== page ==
With artificial intelligence (AI) often generating fictitious and offensive content, Anthropic, a company helmed by former OpenAI researchers, is charting a different course—developing an AI capable of knowing what’s good and evil with minimum human intervention.
Anthropic's chatbot Claude is designed with a unique "constitution," a set of rules inspired by the Universal Declaration of Human Rights, crafted to ensure ethical behavior alongside robust functionality, along with other “ethical” norms like Apple’s rules for app developers.
The concept of a "constitution," however, may be more metaphorical than literal. Jared Kaplan, an ex-OpenAI consultant and one of Anthropic's founders, told Wired that Claude's constitution could be interpreted as a specific set of training parameters —which any trainer uses to model its AI. This implies a different set of considerations for the model, which aligns its behavior more closely with its constitution and discourages actions deemed problematic.
Anthropic’s training method is described in a research paper titled “Constitutional AI: Harmlessness from AI Feedback,” which explains a way to come up with a “harmless” but useful AI that, once trained, is able able to self-improve without human feedback, identifying improper behavior and adapting its own conduct.
“Thanks to Constitutional AI and harmlessness training, you can trust Claude to represent your company and its needs,” the company says on its official website. “Claude has been trained to handle even unpleasant or malicious conversational partners with grace.”
Notably, Claude can handle over 100,000 tokens of information—way more than ChatGPT, Bard, or any other competent Large Language Model or AI chatbot currently available.
Introducing 100K Context Windows! We’ve expanded Claude’s context window to 100,000 tokens of text, corresponding to around 75K words. Submit hundreds of pages of materials for Claude to digest and analyze. Conversations with Claude can go on for hours or days. pic.twitter.com/4WLEp7ou7U
— Anthropic (@AnthropicAI) May 11, 2023
In the realm of AI, a "token" generally refers to a chunk of data, such as a word or character, that the model processes as a discrete unit. Claude’s token capacity allows it to manage extensive conversations and complex tasks, making it a formidable presence in the AI landscape. For context, you could easily provide a whole book as a prompt, and it would know what to do.
AI and the relativism of good vs evil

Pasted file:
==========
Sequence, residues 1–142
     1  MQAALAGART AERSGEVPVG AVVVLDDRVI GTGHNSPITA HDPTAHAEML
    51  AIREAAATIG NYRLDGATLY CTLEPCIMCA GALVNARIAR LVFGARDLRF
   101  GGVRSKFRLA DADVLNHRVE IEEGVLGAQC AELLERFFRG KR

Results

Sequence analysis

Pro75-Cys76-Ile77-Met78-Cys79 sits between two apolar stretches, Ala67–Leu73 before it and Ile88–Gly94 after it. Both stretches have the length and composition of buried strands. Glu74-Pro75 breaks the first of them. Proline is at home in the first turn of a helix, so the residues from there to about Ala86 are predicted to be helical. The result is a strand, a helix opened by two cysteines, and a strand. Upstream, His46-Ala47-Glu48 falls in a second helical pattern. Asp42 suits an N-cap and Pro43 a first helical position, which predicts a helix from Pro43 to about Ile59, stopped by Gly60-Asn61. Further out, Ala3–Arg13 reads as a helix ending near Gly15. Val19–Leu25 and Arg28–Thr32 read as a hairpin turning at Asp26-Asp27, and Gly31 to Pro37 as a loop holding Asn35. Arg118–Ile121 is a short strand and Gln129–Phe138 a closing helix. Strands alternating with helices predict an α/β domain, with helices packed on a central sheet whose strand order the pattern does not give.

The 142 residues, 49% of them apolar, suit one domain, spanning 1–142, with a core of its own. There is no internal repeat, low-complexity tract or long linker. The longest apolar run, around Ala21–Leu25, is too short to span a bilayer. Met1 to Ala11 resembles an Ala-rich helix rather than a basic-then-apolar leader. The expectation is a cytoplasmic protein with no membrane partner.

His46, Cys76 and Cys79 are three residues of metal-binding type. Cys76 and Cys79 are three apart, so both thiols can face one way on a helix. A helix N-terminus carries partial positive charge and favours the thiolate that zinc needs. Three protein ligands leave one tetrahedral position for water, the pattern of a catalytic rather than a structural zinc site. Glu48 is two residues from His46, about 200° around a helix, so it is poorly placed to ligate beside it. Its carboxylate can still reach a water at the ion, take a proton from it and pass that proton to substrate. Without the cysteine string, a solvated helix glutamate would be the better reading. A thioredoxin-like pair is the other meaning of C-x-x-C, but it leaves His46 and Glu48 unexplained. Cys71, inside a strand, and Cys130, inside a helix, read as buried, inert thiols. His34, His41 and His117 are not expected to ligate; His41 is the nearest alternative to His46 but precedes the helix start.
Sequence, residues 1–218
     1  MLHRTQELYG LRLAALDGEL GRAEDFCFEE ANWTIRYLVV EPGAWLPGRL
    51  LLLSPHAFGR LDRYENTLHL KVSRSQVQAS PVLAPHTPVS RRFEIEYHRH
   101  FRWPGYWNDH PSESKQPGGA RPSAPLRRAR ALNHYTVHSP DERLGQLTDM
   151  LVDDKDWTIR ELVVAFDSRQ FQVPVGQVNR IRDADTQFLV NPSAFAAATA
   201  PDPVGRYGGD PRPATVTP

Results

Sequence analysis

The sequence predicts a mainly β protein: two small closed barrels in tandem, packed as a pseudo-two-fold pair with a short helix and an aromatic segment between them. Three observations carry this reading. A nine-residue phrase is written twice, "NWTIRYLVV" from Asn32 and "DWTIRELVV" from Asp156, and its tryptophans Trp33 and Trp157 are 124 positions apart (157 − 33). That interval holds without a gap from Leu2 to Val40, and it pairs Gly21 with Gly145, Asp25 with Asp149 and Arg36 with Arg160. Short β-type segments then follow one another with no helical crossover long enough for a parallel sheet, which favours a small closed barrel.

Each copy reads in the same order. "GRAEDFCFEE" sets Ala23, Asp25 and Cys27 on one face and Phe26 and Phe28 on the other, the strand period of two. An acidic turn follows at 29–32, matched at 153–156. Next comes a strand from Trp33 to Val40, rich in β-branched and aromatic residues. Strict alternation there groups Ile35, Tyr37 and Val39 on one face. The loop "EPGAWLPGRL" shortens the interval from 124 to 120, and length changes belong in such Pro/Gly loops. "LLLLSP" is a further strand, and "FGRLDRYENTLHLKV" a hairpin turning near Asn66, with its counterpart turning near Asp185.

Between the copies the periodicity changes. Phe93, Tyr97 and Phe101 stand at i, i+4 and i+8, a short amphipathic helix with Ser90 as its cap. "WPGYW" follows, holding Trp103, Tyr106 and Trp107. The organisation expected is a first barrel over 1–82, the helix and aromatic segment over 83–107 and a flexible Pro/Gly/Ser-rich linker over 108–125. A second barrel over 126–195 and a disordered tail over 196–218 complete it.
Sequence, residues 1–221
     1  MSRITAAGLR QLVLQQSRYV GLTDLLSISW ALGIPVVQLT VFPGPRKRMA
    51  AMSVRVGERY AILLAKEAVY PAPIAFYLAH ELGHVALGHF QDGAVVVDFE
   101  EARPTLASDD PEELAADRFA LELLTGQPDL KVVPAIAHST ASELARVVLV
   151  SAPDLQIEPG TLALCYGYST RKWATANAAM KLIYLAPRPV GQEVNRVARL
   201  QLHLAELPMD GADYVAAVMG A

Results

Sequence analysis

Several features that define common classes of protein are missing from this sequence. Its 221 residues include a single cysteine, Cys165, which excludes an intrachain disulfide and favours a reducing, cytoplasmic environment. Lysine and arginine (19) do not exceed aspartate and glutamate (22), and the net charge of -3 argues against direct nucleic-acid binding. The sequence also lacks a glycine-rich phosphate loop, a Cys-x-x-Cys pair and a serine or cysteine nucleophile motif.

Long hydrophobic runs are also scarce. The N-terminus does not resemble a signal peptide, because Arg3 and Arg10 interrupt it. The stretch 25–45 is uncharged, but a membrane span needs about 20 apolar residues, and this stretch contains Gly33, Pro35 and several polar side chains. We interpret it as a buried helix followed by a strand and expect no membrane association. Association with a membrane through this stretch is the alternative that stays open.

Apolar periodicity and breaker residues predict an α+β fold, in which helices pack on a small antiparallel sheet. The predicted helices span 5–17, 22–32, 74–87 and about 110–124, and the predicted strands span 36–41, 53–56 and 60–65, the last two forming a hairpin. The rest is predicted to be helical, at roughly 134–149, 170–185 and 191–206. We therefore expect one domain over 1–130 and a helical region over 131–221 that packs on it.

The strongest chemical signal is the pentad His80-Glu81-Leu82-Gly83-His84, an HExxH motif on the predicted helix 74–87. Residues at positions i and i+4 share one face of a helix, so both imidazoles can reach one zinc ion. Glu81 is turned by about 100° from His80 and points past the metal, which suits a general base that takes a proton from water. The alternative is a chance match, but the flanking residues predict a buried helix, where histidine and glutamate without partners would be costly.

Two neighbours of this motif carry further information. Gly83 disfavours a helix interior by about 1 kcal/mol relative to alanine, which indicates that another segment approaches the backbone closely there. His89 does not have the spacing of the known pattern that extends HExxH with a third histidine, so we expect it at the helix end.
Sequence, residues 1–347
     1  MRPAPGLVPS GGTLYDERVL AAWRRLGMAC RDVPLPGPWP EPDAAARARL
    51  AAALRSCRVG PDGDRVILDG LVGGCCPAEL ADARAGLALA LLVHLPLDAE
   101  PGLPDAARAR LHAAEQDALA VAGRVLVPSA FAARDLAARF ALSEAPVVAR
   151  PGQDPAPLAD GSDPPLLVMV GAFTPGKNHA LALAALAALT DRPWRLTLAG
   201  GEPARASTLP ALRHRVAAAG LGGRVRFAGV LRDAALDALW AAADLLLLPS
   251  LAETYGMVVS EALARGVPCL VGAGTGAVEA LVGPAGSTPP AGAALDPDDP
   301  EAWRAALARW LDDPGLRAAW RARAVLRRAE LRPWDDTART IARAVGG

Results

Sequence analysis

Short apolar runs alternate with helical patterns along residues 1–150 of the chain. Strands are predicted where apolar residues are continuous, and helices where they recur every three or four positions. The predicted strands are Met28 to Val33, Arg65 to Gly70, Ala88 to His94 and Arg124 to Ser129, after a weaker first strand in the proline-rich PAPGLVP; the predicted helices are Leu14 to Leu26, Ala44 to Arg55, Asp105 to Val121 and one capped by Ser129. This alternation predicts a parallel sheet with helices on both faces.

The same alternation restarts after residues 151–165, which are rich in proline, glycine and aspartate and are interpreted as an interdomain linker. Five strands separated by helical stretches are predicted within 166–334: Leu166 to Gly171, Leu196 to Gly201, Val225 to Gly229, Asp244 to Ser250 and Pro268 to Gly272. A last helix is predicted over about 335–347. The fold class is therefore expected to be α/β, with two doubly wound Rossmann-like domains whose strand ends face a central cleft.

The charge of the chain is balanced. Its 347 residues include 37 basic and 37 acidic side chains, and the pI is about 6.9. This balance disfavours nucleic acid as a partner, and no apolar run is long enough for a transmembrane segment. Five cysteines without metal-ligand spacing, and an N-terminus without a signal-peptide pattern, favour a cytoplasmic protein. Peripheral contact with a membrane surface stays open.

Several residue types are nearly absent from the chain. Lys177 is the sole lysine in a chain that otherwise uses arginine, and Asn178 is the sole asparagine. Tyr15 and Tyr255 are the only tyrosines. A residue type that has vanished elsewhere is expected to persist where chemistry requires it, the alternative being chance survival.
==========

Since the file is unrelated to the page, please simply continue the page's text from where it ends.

The concern over ethics in AI is a pressing one, yet it's a nuanced and subjective area. Ethics, as interpreted by AI trainers, might limit the model if those rules don't align with wider societal norms. An overemphasis on a trainer's personal perception of "good" or "bad" could curtail the AI's ability to generate powerful, unbiased responses.
This issue has been hotly debated among AI enthusiasts, who both praise and criticize (depending on their own biases) OpenAI’s intervention in its own model in an attempt to make it more politically correct. But as paradoxical as it might sound, an AI must be trained using unethical information in order to differentiate what is ethical from unethical. And if the AI knows about those data points, humans will inevitably find a way to “jailbreak” the system, bypass those restrictions, and achieve results that the AI’s trainers tried to avoid.
Chat GPT is very helpful. But let’s be honest it’s also more like Woke GPT. So I tricked the AI bot that I was a girl who wanted to be a boy. N see it’s response 🤦🏽♀️🤦🏽♀️ pic.twitter.com/k5FZx4P7sK
— Nicole Estella Matovu (@NicEstelle) May 6, 2023
The implementation of Claude's ethical framework is experimental. OpenAI's ChatGPT, which also aims to avoid unethical prompts, has yielded mixed results. Yet, the effort to tackle the ethical misuse of chatbots head-on, as demonstrated by Anthropic, is a notable stride in the AI industry.
Claude's ethical training encourages it to choose responses that align with its constitution, focusing on supporting freedom, equality, a sense of brotherhood, and respect for individual rights. But can an AI consistently choose ethical responses? Kaplan believes the tech is further along than many might anticipate. "This just works in a straightforward way," he said at the Stanford MLSys Seminar last week. "This harmlessness improves as you go through this process."
Anthropic’s Claude reminds us that AI development isn't just a technological race; it's a philosophical journey. It's not just about creating AI that is more "intelligent"—for researchers on the bleeding edge, it's about creating one that understands the thin line that separates right from wrong.
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